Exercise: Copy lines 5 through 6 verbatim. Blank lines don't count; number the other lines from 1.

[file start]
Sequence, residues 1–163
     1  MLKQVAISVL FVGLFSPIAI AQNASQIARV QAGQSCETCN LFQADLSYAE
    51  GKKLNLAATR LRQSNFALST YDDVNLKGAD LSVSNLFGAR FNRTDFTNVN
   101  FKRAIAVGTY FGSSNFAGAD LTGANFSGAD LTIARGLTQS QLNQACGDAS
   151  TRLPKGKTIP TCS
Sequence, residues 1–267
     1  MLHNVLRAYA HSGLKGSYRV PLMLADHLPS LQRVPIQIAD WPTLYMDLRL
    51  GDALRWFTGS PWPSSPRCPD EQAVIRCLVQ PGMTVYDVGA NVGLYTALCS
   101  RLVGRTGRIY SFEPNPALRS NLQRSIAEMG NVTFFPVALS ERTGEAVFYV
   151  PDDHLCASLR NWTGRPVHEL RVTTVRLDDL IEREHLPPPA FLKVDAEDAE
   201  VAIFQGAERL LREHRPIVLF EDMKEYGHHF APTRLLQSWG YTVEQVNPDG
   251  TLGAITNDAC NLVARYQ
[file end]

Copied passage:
   151  TRLPKGKTIP TCS
Sequence, residues 1–267